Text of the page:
\item[TOL] -- {\bf real} (input).
\begin{description}
\item[ On entry:] TOL should be strictly positive. SL11F will use TOL as an error
control parameter during the shooting process. Reducing TOL should reduce the
error in the eigenvalue approximation.
\end{description}
\item[USUB1] -- SUBROUTINE, supplied by the user. USUB1 must supply the
values of the coefficient matrices $S_{i,j}$ in (\ref{eq:1}).
The specification of USUB1 is as follows.
\bt
\hs {\tt SUBROUTINE USUB1(X,ELAM,S11,S12,S21,S22,N)} \\
\hs {\bf real} {\tt X, ELAM} \\
\hs {\tt INTEGER N} \\
\hs {\bf real} {\tt S11(N,N), S12(N,N), S21(N,N), S22(N,N) }
\et
\begin{description}
\item[X] -- {\bf real} (input).
\begin{description}
\item[On entry:] X contains the value of a point in $(a,b)$. X must not be
changed by USUB1.
\end{description}
\item[ELAM] -- {\bf real} (input).
\begin{description}
\item[On entry:] ELAM contains the current value of $\lambda$. ELAM must
not be changed by USUB1.
\end{description}
\item[S11] -- {\bf real} ARRAY of DIMENSION (N,N) (output).
\begin{description}
\item[On exit:] S11 must contain the value of $S_{1,1}$ at the point X for the
current value of $\lambda$ specified by ELAM.
\end{description}
\item[S12] -- {\bf real} ARRAY of DIMENSION (N,N) (output).
\begin{description}
\item[On exit:] S12 must contain the value of $S_{1,2}$ at the point X for the
current value of $\lambda$ specified by ELAM.
\end{description}
\item[S21] -- {\bf real} ARRAY of DIMENSION (N,N) (output).
\begin{description}
\item[On exit:] S21 must contain the value of $S_{1,2}^{T}$ at the point X for the
current value of $\lambda$ specified by ELAM.
\end{description}
\item[S22] -- {\bf real} ARRAY of DIMENSION (N,N) (output).
\begin{description}
\item[On exit:] S22 must contain the value of $S_{2,2}$ at the point X for the
current value of $\lambda$ specified by ELAM.
\end{description}
\item[N] -- INTEGER (input).
\begin{description}
\item[On entry:] N specifies the value of the variable N in the user's call to
SL11F. N must not be changed by USUB1.
\end{description}
\end{description}
\item[USUB2] -- SUBROUTINE, supplied by the user. This subroutine supplies the
boundary conditions for the problem as specified by equations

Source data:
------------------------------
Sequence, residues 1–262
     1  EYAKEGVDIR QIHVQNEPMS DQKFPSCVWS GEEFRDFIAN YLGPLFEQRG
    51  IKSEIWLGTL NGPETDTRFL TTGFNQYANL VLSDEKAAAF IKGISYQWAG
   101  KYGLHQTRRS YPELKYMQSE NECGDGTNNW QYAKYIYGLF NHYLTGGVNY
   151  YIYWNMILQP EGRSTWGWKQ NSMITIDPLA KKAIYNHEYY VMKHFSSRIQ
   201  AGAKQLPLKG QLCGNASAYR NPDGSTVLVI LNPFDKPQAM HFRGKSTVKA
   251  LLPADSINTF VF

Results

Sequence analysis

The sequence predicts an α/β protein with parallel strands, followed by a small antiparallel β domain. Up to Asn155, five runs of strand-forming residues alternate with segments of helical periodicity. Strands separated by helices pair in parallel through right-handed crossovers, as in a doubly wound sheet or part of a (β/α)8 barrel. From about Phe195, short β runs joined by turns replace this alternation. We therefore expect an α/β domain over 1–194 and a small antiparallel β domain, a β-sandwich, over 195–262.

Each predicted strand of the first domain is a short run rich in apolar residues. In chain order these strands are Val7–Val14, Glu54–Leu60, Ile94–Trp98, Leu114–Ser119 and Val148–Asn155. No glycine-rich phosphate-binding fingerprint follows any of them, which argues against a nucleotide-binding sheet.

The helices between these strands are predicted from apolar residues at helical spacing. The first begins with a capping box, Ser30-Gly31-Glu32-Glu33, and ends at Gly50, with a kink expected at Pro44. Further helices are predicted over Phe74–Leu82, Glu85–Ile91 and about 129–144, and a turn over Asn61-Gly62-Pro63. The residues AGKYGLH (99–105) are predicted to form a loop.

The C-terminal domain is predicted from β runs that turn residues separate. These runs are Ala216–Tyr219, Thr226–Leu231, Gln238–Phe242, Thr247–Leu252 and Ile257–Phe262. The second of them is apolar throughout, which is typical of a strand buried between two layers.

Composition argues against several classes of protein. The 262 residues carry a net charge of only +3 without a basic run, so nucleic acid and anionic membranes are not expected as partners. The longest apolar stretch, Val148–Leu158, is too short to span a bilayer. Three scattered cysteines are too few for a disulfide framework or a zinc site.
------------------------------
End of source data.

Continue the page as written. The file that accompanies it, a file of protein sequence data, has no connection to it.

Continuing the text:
(\ref{eq:2},\ref{eq:3}). The specification of USUB2 is as follows.
\bt
\hs {\tt SUBROUTINE USUB2(IEND,ISING,X,U,V,NDIM,N,ELAM) } \\
\hs {\tt INTEGER IEND, NDIM, N } \\
\hs {\tt LOGICAL ISING } \\
\hs {\bf real }{\tt X, U(NDIM,N), V(NDIM,N), ELAM }
\et
\begin{description}
\item[IEND] -- INTEGER (input).
\begin{description}
\item[On entry:] IEND specifies the end of the interval
$ (a,b) $ at which the boundary conditions are to be imposed. If IEND
= 0 then boundary conditions are required at the end $ x = a$; if IEND = 1
then boundary conditions are required at $ x = b$. IEND must not be
changed by the routine UUSB1.
\end{description}
\item[ISING] -- LOGICAL (output).
\begin{description}
\item[On exit:] ISING must have the value .FALSE. This parameter is
included to allow for a future upgrade of SL11F to handle singular
problems.
\end{description}
\item[X] -- {\bf real} scalar (input).
\begin{description}
\item[On entry:] X specifies the actual endpoint at which the
boundary condition is required (i.e. the value A or B). Like
ISING, this parameter is included to allow for a future upgrade
of SL11F to handle singular problems.
\end{description}
\item[U] -- {\bf real} ARRAY of DIMENSION (NDIM,N) (output).
\begin{description}
\item[On exit:] U must specify the matrix $A_{2}$ if IEND=0
or $B_{2}$ if IEND=1.
\end{description}
\item[V] -- {\bf real} ARRAY of DIMENSION (NDIM,N) (output).
\begin{description}
\item[On exit:] V must specify the matrix $-A_{1}$ if IEND=0
or $-B_{1}$ if IEND=1.
\end{description}
\item[NDIM] -- INTEGER (input).
\begin{description}
\item[On entry:] NDIM specifies the first dimensions of the
arrays U and V. The value of NDIM must not be changed by USUB2.
\end{description}
\item[N] -- INTEGER (input).
\begin{description}
\item[On entry:] N specifies the value of the variable $N$ in the user's call to
SL11F. N must not be changed by USUB2.
\end{description}
\item[ELAM] -- {\bf real} scalar (input).
\begin{description}
\item[On entry:] ELAM specifies the current value of $\lambda$, allowing
for $\lambda$-dependent boundary conditions. The value of ELAM must not
be changed by USUB2.
\end{description}
\end{description}
\item[KNOBS] -- INTEGER (input).
\begin{description}
\item[On entry:] KNOBS allows the user to increase the maximum number of
miss-distance function evaluations used to find the eigenvalue. The
maximum number of miss-distance function evaluations is max(60,KNOBS).
In general, it is recommended that KNOBS be assigned the value 0.
\end{description}
\item[WORK] -- {\bf real} array of DIMENSION IWORK (workspace).
\item[IWORK] -- INTEGER (input).
\begin{description}
\item[On entry:] IWORK must specify the dimension of WORK as declared in the
calling (sub)program; IWORK $\geq $ N*(16+73*N)+65.
\end{description}
\item[LWK] -- INTEGER array of DIMENSION ILWK (workspace).
\item[ILWK] -- INTEGER (input).
\begin{description}
\item[ON entry:] ILWK must specify the dimension of LWK as declared in the
calling (sub)program; ILWK $\geq $ N.
\end{description}
\item[IFAIL] -- INTEGER (input/output).
\begin{description}
\item[On entry:] IFAIL must be set to -1, 0 or 1. For users not familiar with
this parameter (described in Chapter P01 of the NAG Library documentation) the
recommended value is 0.
\item[On exit:] IFAIL = 0 unless the routine detects an error (see Section \ref{section:6}).
\end{description}
\end{description}